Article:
Not Just Tsarnaev: Right To Council Dwindles

On May 7th, defense attorneys for Dzhokhar Tsarnaev filed a motion to suppress statements that FBI agents claim Tsarnaev made during an interrogation in the Intensive Care Unit of Beth Israel hospital. The pre-trial wrangling over whether this interview, which took place before Tsarnaev was read his Miranda rights, can be admitted into evidence raises important questions about the right to counsel and the privilege against self-incrimination. In my latest column for WGBH News, co-authored with my research assistant Juliana DeVries, we explain how the Supreme Court has in recent years allowed for the serious erosion of these key Constitutional protections.     

You can read the column at the WGBH website

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Guest Appearance on Bill Frezza's 'Real Clear Radio Hour'

Last week I sat down with Bill Frezza for a radio segment titled: "Runaway Government." Our discussion touched on a range of issues covered in Three Felonies A Day including the proliferation of vague statutes, over-zealous prosecutors and selective prosecutions.

Listen to the full conversation here:
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Justice Goes After the GOP

My views on the Holder Justice Department’s ill-considered recent displays of prosecutorial overzeal and worse are set forth in my latest piece for the Wall Street Journal.

As always, I’d appreciate your feedback on the topic at hand and encourage you to either post a comment directly below the column on the WSJ’s website, or reach me directly at If you’d like to write a Letter to the Editor in response to my column, you can email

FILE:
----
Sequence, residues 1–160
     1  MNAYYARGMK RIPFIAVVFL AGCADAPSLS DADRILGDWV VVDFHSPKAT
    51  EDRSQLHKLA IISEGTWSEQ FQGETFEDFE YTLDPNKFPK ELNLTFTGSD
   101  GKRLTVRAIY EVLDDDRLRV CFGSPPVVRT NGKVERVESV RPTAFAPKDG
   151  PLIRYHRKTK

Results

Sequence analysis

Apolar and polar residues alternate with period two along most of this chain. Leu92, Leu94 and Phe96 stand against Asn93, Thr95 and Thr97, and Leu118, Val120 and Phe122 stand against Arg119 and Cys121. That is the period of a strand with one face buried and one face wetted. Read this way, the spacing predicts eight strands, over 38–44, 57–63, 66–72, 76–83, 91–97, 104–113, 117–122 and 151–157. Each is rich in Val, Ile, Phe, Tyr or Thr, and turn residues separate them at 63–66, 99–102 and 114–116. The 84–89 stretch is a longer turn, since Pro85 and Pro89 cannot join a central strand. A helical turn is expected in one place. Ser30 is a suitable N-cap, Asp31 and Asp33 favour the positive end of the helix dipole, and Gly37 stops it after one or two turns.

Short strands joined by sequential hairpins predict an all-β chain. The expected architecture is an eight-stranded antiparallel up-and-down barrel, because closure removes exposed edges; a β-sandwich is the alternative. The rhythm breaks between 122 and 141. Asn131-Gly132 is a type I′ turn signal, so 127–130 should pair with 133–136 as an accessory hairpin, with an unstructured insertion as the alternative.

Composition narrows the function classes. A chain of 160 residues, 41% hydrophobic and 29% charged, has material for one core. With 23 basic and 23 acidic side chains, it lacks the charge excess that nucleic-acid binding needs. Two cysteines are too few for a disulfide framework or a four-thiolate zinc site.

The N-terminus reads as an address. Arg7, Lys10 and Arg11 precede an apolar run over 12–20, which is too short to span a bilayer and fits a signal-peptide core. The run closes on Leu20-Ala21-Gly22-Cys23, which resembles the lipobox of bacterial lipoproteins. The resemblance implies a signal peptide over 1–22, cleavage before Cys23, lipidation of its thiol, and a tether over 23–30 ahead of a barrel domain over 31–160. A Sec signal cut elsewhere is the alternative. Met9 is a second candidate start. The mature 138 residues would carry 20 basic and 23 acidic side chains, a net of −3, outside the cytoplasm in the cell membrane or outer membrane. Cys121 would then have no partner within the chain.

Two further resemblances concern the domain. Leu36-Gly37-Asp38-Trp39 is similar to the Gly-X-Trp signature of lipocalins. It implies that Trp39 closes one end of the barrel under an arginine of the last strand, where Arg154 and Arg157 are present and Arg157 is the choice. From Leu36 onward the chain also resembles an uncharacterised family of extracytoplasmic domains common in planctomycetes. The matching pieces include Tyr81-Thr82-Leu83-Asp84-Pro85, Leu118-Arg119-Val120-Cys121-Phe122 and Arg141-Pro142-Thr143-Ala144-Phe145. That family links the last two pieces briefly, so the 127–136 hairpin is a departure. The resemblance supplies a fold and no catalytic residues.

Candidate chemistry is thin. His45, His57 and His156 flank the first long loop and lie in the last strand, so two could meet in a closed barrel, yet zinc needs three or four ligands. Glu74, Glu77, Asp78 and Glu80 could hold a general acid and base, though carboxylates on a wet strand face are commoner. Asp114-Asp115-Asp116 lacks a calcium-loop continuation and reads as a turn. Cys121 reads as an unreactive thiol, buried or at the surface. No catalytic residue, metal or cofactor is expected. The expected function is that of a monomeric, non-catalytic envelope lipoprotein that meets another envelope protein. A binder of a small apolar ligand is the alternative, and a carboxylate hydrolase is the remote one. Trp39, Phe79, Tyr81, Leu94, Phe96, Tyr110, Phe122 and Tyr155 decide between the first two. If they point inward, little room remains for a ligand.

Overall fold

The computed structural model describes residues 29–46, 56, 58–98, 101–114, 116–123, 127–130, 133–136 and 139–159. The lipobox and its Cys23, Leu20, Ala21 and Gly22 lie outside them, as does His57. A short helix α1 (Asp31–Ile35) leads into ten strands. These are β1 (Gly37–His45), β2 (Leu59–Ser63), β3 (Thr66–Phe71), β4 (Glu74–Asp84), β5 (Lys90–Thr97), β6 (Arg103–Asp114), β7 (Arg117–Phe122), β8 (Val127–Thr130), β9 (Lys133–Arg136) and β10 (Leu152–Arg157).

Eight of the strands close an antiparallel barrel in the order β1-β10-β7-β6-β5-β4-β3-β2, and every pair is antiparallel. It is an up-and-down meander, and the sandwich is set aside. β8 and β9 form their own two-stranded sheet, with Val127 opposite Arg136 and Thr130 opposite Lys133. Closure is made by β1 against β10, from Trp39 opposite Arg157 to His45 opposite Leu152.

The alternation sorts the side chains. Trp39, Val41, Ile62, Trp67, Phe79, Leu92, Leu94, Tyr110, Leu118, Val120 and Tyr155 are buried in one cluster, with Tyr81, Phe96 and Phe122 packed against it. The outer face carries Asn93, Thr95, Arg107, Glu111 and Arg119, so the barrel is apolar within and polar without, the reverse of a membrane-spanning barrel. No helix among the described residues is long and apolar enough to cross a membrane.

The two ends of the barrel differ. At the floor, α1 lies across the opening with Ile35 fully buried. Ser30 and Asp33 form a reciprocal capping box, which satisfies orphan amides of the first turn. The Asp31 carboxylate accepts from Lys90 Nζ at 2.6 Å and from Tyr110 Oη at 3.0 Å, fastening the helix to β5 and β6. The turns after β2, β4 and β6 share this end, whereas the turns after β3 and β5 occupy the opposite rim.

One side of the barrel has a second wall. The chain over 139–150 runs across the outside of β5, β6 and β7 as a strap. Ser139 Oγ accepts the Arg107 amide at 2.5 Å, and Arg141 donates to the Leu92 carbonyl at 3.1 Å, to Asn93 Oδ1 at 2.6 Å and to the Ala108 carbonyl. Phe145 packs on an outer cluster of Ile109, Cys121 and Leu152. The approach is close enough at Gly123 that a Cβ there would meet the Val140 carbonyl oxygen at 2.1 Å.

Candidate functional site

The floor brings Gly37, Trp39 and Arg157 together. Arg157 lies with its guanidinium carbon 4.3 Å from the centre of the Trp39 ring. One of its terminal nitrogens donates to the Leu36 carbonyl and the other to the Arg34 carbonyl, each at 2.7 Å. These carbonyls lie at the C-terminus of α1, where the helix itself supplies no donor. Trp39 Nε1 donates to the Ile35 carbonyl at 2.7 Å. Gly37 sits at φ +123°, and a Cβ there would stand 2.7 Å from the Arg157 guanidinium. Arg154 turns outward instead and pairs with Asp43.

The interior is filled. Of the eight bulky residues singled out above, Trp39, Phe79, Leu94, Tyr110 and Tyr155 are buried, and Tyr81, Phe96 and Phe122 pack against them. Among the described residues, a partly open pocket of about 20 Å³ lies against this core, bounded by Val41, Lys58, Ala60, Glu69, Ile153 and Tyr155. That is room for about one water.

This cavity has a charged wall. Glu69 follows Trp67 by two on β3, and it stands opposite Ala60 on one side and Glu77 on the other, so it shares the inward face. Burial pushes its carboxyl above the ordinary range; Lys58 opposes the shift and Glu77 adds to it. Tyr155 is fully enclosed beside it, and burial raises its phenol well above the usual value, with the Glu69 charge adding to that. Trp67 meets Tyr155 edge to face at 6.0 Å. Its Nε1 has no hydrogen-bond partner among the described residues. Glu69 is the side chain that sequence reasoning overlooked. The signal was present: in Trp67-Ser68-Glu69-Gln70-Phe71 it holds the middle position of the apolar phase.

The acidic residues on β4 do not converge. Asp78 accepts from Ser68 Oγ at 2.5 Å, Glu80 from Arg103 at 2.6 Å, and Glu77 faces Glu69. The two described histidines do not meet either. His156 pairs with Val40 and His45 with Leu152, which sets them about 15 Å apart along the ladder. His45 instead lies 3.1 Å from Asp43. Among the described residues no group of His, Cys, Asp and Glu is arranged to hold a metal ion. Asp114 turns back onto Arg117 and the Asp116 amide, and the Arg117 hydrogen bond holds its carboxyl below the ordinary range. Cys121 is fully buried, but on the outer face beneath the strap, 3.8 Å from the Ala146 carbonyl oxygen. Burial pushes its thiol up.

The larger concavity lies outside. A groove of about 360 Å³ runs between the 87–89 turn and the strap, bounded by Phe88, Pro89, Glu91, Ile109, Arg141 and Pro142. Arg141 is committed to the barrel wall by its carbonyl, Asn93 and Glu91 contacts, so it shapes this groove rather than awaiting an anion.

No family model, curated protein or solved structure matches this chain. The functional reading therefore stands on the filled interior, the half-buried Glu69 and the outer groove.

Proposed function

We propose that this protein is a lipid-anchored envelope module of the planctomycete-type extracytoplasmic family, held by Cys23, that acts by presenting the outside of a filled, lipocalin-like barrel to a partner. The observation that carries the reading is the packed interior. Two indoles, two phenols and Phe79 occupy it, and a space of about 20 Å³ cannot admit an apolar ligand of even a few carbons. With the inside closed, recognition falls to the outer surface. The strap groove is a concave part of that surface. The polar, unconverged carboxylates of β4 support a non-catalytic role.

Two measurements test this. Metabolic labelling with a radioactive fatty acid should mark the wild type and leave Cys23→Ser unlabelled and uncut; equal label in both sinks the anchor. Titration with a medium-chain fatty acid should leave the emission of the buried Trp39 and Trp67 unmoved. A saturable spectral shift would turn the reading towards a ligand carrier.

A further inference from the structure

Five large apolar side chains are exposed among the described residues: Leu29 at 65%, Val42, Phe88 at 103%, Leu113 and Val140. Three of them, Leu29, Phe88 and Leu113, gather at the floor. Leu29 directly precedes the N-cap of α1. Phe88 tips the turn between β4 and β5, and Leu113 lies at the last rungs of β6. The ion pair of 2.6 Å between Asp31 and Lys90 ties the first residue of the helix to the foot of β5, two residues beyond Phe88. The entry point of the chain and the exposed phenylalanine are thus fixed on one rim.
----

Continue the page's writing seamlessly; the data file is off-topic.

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A Ruling on Terrorism That Throttles Civil Liberties

On November 13th the United States Court of Appeals in Boston affirmed the conviction of young Sudbury pharmacology student Tarek Mehanna. Mehanna was convicted on charges of rendering “material support” to terrorism – a dangerously broad and vague provision of the Patriot Act – though nothing Mehanna did came close to posing actual danger. In our op-ed for the Boston Globe, my paralegal Juliana DeVries and I argue that the tragic Mehanna verdict was made possible by the Supreme Court’s 2010 decision in Humanitarian Law Project v. Holder. The Humanitarian Law Project decision opened the door for federal prosecutors to criminalize a wide range of previously protected expressive activities, such as those in which Mehanna engaged.


You can read our op-ed at:
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Civilization and Its Discontents: Burying the Boston Marathon Bomber

Americans conceive of our struggle against terrorism as an us-versus-them battle between our civilization and those who would seek to destroy it. But the recent controversy over the burial of Tamerlan Tsarnaev shows that our civilization can also fall victim to our own sometimes brutish impulses.

My latest column for, co-authored with my research assistant Zachary Bloom, addresses the ethical obligations that we as a civilized society must remember to obey in the wake of terrorist attacks. You can find it on my “Injustice Department” blog.

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Updates related to Harvey's
book Three Felonies a Day, a critical
take on the Justice Department

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